The U.S. Navy’s Altitude Laboratory at the Naval Air Warfare Center (NAVAIR) is critical to the research, development, testing, and evaluation of safe and effective oxygen systems for military aircraft. The lab is capable of testing complete gaseous, liquid, and On-Board Oxygen-Generating Systems (OBOGS), as well as individual components of a life support system. Real-time data collection and mechanical breathing simulators allow testing at barometric altitudes up to 60,000 ft. The NAVAIR Altitude Laboratory has three hypobaric chambers of 6, 54, and 650 ft3 in volume, each separately controlled by LabView computerized vacuum systems.
Previously, the lab used traditional vacuum control valves to throttle flow between hypobaric chambers and large vacuum pumps. These valves used electro-pneumatic transducers and pneumatic actuators with mechanical linkages to swing-butterfly seats. Such mechanical systems are common throughout the industry, but are not capable of responding quickly enough to any perturbation in the pressure/flow balance, which frequently occurs in NAVAIR’s oxygen systems and mask testing.
Testing of oxygen-generating systems and components presents unique challenges due to the large perturbations created by the aircraft mechanical systems and sinusoidal breathing at high altitudes. The Altitude Laboratory found that a mechanical butterfly valve was not able to adjust to the sudden onset of such high volumetric flowrates. In fact, barometric pressure swings of 2,000 ft. to 4,000 ft. in altitude were observed in some hypobaric chambers.
An additional concern to NAVAIR was the mechanical wear on these linkages due to the cyclic action of controlling non-steady conditions.
An attempt was made to solve the problem by installing a dome-loaded pressure-reducing regulator to allow enough air pressure into the chamber to control the vacuum. The chamber pressure was monitored by a closed-loop controller that sent a signal to an electronic pressure regulator, which piloted the 1-to-1 dome-loaded vacuum relief regulator. However, because of their limited flow capability, and because the pressure-reducing regulators were designed for typical industrial pressure and precisions, the altitude chamber’s barometric pressure varied widely with abrupt changes in flowrate. The closed-loop control was not fast enough and lacked sufficient flow capacity to follow the rapid changes from the Pressure Swing Adsorption Oxygen Systems or mask breathing cycles.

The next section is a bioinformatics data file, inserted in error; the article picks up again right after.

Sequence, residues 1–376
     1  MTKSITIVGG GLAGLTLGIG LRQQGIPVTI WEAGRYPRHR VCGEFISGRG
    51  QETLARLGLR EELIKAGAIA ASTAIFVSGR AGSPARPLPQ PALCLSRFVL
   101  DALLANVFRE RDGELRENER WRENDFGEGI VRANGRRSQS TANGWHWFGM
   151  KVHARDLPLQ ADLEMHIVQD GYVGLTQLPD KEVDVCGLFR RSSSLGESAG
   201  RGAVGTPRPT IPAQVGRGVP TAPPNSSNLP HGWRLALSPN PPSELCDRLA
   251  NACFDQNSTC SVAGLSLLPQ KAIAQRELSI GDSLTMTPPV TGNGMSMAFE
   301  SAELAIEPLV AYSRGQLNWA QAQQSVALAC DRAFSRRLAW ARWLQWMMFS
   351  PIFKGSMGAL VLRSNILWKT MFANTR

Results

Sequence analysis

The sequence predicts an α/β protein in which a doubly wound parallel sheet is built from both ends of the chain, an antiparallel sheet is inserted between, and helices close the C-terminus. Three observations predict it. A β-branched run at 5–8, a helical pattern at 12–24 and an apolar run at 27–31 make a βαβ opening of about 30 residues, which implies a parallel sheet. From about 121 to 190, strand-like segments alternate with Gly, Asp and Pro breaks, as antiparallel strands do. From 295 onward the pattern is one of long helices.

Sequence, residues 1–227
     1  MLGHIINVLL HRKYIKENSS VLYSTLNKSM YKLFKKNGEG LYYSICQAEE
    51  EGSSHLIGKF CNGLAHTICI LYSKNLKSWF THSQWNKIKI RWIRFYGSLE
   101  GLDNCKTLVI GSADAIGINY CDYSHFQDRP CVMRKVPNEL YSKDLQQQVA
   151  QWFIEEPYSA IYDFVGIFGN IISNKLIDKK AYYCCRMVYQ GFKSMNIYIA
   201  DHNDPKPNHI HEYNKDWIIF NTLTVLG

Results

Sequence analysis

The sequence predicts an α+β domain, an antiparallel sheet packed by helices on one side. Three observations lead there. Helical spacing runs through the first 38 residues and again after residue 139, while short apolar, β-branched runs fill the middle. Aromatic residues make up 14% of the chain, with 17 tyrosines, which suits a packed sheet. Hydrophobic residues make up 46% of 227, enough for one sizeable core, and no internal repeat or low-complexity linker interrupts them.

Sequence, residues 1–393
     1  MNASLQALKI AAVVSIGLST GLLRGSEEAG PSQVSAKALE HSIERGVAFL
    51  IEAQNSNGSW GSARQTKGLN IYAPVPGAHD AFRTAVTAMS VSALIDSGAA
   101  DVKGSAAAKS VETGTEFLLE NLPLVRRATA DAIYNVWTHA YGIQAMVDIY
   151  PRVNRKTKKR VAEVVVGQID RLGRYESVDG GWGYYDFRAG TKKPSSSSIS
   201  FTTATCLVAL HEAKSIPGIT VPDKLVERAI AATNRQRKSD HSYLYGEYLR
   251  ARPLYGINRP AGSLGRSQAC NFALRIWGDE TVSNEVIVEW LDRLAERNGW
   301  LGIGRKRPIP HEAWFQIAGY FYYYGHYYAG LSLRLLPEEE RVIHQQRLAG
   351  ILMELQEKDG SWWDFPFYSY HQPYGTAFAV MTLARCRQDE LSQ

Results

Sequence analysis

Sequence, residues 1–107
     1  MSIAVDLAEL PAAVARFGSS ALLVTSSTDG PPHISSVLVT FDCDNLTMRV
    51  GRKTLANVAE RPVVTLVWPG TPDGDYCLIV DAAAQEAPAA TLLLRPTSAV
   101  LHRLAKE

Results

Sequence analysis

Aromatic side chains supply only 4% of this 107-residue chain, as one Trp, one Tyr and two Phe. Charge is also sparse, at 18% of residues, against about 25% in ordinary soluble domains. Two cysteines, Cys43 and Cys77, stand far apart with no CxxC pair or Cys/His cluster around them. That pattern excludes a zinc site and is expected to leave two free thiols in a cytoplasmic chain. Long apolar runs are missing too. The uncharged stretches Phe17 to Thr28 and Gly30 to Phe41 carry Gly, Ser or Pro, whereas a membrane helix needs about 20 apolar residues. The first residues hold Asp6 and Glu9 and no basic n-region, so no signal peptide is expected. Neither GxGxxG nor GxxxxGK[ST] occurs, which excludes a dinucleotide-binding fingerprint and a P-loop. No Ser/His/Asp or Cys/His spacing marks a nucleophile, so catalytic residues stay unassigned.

In 2011, NAVAIR initiated a Capital Improvement Program and contracted with Research, Engineering and Development, Inc. and Spectrum Sciences, Inc. to upgrade the performance and reliability of the lab’s altitude chambers. Spectrum engineer Curtis Stansfield contacted Equilibar after reading about its new approach to vacuum regulation using a supple diaphragm as the only moving part. Equilibar’s back-pressure and vacuum regulators provide stable pressure across flowrate changes of up to 1,000-to-1 and typically adjust to changes in flowrate in under 10 milliseconds.
Working with Stansfield and NAVAIR’s Dennis Gordge, Equilibar designed and provided three large PVC regulators sized for three-inch pipe systems. In addition, Equilibar’s design incorporated electro-pneumatic regulators from Proportion-Air with ultra-high resolution and virtually zero dead-band or hysteresis. These QPV electronic regulators perfectly complemented Equilibar’s vacuum regulators, also with virtually zero deadband or hysteresis.
The high-speed response required by this application was achieved using Equilibar vacuum regulators because they use not one valve orifice, but in this instance, over 100 parallel orifices. The lightweight, supple diaphragm has to move only a few millimeters to modulate the vacuum regulator from fully closed to fully open. The thin Viton diaphragm is sensitive to changes in pressure as small as 0.001 PSI.
Improvements in Stability & Accuracy